So what to do? Well I ended up just going with the plain text editor of KDE, called Kate. Over time I’ve found some really great features that make this a flexible and powerful editor. These are just a few of them.

The Basics
The basics of configuring Kate are as powerful as any other “advanced” text editor. I trim down those fat tabs to being just two spaces wide, turn off wrapping and turn on the line numbering. Last I turn off automatic backups, because the tilde files are annoying and real men don’t program with nets ;-). This is not a complete list of the core features by far, just about everything is configurable.

Highlighting
Syntax highlighting in Kate is very good, and handles oodles of languages. Plus it’s colors are configurable by an easy interface. You probably won’t change them though, as they are fairly consistent between languages, so variables will still look like variables even when you switch languages.

Bookmarks
This is one I didn’t find until recently, but you can bookmark locations in files and jump there real quick. The shortcut it CTRL-B, and I usually use it when I’m working somewhere and need to reference some other code. I bookmark my spot then scroll away to the code I need to look at. Getting back is easy through the bookmarks menu, or if you are above it you can use the shortcut ALT-Page Down or if you are below it, ALT-Page Up.


A Bookmarked Line

The Bookmarks Menu

Sidebar
The sidebar is a powerful part of Kate. There are many plug-ins which can take advantage of the sidebar (which can actually be any combination of left, right, top or bottom bars). The ones I use are the C++ symbol viewer, the file list and the file chooser. The symbol viewer is handy for jumping around your files in C++, I use it a lot along with the bookmarks to check on code quickly. The file chooser is pretty standard, with a list view that includes icons for checking file type. Last is the file list. All your open files are in here. Two short cuts you will want to know are ALT-(Left Arrow) and ALT-(Right Arrow) which will scroll you through the file list. This is very handy for switching between files without leaving the keyboard. The file list is also “heat mapped” with colors on the last files you’ve been in. When closing a file (CTRL-W) you jump to the last file you were in.


The Symbol Viewer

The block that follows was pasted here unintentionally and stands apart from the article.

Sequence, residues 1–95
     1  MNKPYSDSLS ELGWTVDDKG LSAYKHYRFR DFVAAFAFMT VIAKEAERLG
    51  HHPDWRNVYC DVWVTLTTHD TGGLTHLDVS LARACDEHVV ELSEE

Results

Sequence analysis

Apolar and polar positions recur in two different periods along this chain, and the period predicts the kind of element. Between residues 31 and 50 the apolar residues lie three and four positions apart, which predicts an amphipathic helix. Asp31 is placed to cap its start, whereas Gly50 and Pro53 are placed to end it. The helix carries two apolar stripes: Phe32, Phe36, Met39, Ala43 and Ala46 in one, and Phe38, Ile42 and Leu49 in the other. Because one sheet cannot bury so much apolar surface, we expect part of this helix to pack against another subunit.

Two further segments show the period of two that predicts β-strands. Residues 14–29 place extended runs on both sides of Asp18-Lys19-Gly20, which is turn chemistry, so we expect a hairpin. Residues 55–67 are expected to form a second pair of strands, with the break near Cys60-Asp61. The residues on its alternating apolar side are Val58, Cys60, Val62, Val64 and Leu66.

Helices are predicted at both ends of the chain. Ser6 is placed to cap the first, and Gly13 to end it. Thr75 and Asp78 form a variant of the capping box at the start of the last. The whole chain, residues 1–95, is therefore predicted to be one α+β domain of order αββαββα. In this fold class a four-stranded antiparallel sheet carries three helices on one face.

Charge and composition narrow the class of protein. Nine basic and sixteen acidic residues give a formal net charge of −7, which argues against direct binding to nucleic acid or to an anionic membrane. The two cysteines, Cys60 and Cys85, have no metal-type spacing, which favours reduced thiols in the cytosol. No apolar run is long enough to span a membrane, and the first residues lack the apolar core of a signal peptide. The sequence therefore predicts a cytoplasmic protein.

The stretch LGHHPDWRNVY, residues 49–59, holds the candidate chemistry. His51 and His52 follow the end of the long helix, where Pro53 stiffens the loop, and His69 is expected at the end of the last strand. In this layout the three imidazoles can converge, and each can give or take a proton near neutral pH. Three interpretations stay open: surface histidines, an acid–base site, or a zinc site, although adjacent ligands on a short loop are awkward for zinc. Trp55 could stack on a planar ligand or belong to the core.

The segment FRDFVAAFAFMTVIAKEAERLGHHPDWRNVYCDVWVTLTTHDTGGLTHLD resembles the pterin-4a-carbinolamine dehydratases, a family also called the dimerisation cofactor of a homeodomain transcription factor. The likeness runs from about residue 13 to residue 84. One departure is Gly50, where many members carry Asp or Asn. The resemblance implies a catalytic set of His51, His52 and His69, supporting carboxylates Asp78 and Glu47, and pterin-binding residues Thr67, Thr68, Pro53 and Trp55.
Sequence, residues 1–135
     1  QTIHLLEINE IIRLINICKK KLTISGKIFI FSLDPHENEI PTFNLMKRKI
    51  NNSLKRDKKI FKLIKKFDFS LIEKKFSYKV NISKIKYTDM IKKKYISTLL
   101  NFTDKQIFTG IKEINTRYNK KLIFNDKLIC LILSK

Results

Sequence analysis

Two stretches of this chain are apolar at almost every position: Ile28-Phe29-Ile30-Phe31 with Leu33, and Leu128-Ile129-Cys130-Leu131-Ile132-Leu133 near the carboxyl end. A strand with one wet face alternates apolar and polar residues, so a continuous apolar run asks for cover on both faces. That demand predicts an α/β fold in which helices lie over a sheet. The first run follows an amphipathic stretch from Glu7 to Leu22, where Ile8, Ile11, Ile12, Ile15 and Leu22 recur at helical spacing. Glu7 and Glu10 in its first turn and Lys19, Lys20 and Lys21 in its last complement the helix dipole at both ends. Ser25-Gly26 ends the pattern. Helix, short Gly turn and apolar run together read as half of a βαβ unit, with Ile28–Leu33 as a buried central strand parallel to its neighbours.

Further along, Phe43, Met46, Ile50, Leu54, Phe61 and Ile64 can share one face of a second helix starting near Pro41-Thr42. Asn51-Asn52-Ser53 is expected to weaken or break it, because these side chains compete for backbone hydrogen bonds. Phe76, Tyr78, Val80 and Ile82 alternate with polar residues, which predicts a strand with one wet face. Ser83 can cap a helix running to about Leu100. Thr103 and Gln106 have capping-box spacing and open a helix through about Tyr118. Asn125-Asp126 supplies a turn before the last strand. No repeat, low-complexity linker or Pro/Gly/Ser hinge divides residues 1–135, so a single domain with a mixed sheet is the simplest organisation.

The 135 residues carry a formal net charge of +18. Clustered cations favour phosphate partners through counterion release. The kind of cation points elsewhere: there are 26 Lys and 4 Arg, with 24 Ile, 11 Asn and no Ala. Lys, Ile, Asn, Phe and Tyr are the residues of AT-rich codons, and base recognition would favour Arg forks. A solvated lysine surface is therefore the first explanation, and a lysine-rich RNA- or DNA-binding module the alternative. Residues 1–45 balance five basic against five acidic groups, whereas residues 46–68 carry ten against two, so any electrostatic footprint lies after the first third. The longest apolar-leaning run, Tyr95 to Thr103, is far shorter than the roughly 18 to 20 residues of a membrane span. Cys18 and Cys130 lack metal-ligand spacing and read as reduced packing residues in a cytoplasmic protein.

The File Chooser

Sessions
Kate stores all of its setting in sessions, which you can name and arrange as you wish. This is handy as is, but there is integration with a KDE menu bar widget that makes them even better. This KDE sessions menu is great for jumping straight into projects and picking up right where you left off.


The Kate Session Menu

Useful Dialogs
There are several useful tool dialogs in Kate too. The first one is the GoTo dialog, invoked with CTRL-G. This is great for jumping to lines when fixing compile errors or debugging. The other handy one is Find and Replace. There are flexible regular expressions built in, with place holders for the replace dialog. I use this a lot when creating setters and getter for my methods. A few slick regex’s and they are all written.


The GoTo Dialog

The Replace Dialog

Auto-Complete
The last feature is the helpful auto-complete. It’s not terribly intelligent, it won’t track down things by symbols and types, but it does the job and when it kick in is configurable, I have it set so after I type 3 characters it pops up suggestions.

I hope that this quick overview of Kate is helpful to someone, I just wanted to share my love for it. Good luck with your endeavors!

Javascript Countdown Timer

May 20, 2008 » Geek

I wrote a little countdown timer for my wedding while waiting for stuff to compile today. It uses PHP to get itself initialized, and should be accurate as long as the server has the correct date set. Below is the basic guts of the script. You would call refreshClock() onload.


now_j = new Date();
diff = Math.ceil(now_j.valueOf()/1000) - now_p;
function refreshClock () {
  now_r = new Date();
  seconds = end - Math.ceil(now_r.valueOf()/1000) + diff;
  document.getElementById('days').innerHTML = Math.floor(seconds/60/60/24);
  document.getElementById('hours').innerHTML = Math.floor((seconds/60/60)%24);
  document.getElementById('minutes').innerHTML = Math.floor((seconds/60)%60);
  document.getElementById('seconds').innerHTML = seconds%60;
  setTimeout("refreshClock()",1000);
}